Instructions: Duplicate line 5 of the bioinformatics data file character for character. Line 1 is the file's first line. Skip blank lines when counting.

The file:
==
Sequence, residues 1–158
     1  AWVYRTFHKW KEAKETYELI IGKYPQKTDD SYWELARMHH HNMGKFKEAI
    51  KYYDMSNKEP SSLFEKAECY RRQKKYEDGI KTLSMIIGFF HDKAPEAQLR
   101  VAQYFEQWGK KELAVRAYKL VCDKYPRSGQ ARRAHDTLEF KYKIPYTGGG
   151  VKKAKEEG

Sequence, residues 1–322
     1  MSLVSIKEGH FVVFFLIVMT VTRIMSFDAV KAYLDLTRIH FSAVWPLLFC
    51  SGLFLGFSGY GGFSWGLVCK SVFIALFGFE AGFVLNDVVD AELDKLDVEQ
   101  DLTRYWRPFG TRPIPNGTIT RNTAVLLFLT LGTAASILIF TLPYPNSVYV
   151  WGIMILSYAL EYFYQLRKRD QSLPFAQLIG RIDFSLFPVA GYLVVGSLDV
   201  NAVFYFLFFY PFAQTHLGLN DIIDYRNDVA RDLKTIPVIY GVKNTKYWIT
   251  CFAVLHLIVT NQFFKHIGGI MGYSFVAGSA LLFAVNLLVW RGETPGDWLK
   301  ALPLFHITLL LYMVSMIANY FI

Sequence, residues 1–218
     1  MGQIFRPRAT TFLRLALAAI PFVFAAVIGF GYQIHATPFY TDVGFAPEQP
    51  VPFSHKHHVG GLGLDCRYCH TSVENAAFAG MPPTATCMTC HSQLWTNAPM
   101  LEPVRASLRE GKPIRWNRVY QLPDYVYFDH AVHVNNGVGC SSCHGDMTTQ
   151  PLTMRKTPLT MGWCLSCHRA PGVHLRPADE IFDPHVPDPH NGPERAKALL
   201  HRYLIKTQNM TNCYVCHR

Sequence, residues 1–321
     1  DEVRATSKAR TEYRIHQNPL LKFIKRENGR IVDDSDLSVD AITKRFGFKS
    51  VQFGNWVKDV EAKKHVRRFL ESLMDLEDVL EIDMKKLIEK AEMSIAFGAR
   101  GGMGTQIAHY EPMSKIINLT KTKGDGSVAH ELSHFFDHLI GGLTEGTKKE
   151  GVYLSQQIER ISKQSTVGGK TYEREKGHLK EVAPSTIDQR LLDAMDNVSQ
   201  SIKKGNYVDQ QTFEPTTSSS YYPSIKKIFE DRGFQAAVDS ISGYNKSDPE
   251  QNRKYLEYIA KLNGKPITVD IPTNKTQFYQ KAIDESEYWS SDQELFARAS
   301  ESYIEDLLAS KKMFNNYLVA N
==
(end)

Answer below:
   151  VKKAKEEG